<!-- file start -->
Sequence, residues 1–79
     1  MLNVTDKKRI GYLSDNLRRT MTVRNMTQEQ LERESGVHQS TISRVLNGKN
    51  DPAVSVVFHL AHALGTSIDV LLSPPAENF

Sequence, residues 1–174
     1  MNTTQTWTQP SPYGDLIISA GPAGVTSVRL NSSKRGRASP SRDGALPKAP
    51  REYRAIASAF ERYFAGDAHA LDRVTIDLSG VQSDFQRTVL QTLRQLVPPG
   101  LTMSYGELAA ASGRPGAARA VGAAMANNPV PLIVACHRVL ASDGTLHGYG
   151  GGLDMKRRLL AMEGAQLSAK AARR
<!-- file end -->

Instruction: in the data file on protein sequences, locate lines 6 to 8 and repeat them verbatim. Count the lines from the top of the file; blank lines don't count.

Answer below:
    51  REYRAIASAF ERYFAGDAHA LDRVTIDLSG VQSDFQRTVL QTLRQLVPPG
   101  LTMSYGELAA ASGRPGAARA VGAAMANNPV PLIVACHRVL ASDGTLHGYG
   151  GGLDMKRRLL AMEGAQLSAK AARR